March 01, 2018

by Poorad Razavi & Leslie M. Kroeger

On November 1, 2016, 17-year-old Hannah Eimers was driving her father’s 2000 Volvo S80 on I-75 near Niota, Tennessee, when the car went off the road, traveled into the median, and hit a Lindsay X-LITE guardrail end terminal on the driver’s side. Instead of the guardrail end terminal telescoping back on impact or re-directing the vehicle, as it should, the guardrail end terminal penetrated the car, impaling and killing Hannah.

On October 26, 2016, just six days before Hannah was killed, the Tennessee Department of Transportation (TDOT) had removed the Lindsay X-LITE guardrail end terminal from its qualified products list, based upon concerns for potential long-term performance issues of the terminal’s telescoping W-beam slider assembly friction-reduction type system.

The decision to remove the Lindsay X-LITE guardrail end terminal from the state’s qualified products list meant that TDOT would not replace or install new Lindsay X-LITE guardrail terminals. Unfortunately, over 1,000 X-LITE guardrail terminals were allowed to remain on the roads across the state. The same X-LITE guardrail system had already been involved in at least three other fatal crashes in Tennessee at the time of Hannah’s death. Later in 2016, TDOT made the decision to remove these guardrail end terminals entirely from roads where the speed limit is greater than 45 mph. The TDOT has started the process, but it is unclear how long such a massive overhaul project will take.

Earlier that year, on July 2, 2016, 69-year-old Wilbert Byrd was killed on I-75 in Chattanooga, Tennessee, when, while a passenger in a 2015 Ford Explorer that his nephew was driving, the vehicle left the roadway and collided with a Lindsay X-LITE guardrail end. The two relatives were traveling from Detroit, Michigan, to attend a funeral in Georgia. Once again, the guardrail’s W-beams penetrated the vehicle and traveled through the vehicle’s cabin. It entered through the center dashboard and exited the rear windshield. Over 60 feet of guardrail passed through the vehicle in a matter of seconds.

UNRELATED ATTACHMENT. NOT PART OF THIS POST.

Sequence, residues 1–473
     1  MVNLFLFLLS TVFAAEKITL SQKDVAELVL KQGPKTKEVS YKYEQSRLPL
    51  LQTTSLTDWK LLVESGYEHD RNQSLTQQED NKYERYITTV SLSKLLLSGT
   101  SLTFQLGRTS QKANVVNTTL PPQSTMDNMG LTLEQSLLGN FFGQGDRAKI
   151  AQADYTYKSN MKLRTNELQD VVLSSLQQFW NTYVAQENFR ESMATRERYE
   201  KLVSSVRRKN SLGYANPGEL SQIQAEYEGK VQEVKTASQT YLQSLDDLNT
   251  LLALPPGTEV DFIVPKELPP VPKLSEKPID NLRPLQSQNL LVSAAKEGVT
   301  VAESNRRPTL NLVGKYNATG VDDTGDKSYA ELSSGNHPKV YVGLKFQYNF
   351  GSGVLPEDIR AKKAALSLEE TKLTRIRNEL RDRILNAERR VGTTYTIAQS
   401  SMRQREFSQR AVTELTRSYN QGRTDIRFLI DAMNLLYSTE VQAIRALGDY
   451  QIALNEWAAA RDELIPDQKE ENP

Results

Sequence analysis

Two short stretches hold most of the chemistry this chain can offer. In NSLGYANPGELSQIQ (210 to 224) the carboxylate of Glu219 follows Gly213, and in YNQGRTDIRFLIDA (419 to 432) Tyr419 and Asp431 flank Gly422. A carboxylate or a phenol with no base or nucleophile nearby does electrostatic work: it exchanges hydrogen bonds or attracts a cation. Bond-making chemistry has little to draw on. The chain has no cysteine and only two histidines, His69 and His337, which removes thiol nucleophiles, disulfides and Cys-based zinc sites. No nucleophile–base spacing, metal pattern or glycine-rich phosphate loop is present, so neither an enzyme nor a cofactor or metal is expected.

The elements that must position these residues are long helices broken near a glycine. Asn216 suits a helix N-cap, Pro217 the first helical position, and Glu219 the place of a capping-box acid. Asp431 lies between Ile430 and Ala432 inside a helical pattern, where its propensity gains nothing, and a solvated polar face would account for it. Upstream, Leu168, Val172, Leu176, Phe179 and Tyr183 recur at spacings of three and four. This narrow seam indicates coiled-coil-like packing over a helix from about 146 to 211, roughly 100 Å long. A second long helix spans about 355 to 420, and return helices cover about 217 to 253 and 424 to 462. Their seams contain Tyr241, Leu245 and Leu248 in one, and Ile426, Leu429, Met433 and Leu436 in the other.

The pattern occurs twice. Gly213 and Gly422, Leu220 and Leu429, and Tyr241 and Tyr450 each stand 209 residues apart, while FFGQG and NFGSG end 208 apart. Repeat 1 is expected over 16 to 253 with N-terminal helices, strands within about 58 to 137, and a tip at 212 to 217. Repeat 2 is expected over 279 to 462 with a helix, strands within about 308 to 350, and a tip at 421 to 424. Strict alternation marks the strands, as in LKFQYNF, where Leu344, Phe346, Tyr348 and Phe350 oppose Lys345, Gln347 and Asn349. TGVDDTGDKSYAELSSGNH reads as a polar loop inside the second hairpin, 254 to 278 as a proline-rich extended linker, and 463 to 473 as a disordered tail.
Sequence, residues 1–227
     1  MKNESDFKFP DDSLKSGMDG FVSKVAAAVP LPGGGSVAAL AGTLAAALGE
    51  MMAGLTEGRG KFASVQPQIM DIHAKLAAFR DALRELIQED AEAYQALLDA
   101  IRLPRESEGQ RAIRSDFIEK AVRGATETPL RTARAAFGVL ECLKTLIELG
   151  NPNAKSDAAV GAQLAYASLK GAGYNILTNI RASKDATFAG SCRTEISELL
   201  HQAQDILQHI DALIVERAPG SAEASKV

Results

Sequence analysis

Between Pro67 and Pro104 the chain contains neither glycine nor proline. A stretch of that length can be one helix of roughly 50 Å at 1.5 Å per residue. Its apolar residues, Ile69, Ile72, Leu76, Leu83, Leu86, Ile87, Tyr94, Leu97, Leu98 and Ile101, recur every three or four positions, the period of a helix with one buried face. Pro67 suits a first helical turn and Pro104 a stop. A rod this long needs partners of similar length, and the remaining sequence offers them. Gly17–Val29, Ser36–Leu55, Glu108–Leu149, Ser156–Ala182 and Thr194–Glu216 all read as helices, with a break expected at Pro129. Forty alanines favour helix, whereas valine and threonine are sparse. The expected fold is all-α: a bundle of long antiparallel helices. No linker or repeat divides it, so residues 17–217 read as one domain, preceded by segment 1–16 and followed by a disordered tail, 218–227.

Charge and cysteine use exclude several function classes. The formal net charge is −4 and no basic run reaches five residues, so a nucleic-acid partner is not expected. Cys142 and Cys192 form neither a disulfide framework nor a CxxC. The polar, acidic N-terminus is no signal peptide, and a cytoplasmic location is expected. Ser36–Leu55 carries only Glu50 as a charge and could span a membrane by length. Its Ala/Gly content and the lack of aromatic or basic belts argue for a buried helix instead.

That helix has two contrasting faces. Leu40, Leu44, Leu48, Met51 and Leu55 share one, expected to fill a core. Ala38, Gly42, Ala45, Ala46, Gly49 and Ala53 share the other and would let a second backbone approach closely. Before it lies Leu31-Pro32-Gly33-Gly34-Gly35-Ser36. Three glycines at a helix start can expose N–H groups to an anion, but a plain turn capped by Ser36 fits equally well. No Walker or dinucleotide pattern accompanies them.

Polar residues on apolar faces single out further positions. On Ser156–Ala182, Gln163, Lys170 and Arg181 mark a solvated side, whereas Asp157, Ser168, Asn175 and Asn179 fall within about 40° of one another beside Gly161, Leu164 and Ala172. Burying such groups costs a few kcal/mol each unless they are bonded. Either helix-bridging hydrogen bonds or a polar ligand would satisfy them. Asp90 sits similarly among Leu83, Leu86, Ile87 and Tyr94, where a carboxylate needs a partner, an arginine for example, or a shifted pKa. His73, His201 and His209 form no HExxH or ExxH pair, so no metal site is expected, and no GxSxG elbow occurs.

America’s Dangerous Roadways

Guardrails are installed along America’s roadways for the protection of motorists. Guardrails, if properly designed, keep vehicles from straying off the roadway and, when impacted at the endpoints, should absorb or dissipate energy from the crash and give way, rather than remaining rigid and potentially penetrating and spearing into the accident vehicle. But, unfortunately, there are tens, if not hundreds, of thousands of guardrails that will not achieve this purpose either due to poor design or improper installation.

Hannah and Wilbert’s deaths were due to a new series of catastrophic failures pertaining to the X-LITE system. Specifically, when impacted, the end rail often fails to properly contain the telescoping rails, resulting in violent and deadly penetration of the impacting vehicle.


What Can You Do?

Whenever a roadway accident victim appears in your office, it is important to always assess the potential for a defective roadway claim. Whether the claim pertains to defective guardrails, a failure to implement a guardrail system, or general roadway defects, it is important to quickly assess these potential claims. Guardrails are typically repaired and/or destroyed shortly after an accident, and totaled vehicles can often be quickly sold at auction. It is therefore imperative to send out preservation requests once a potential claim has been identified. It is also important to send out proper investigators to document the scene of the crash.

A diligent attorney must also quickly evaluate the potential claims against any sovereign entity and comply with the appropriate notice requirements, as the time limitations for those claims are typically less than the typical personal injury or wrongful death claim.

In states like Florida with progressive sunshine laws, it is also crucial to begin gathering information at the pre-suit stage, which can include Development Review Committee notes, traffic engineering studies, accident analysis, topographic images, etc. This will allow for the possible identification of additional defendants and/or claims.

Roadway contractors and designers, much like in the automotive industry, habitually seek to shield themselves from liability by hiding behind their compliance with governmental testing standards. It is crucial to the welfare of our clients and to society as a whole that we properly implement various techniques to identify these defects and strategically maneuver through the industries’ various propagated defenses.

The full article can be accessed here.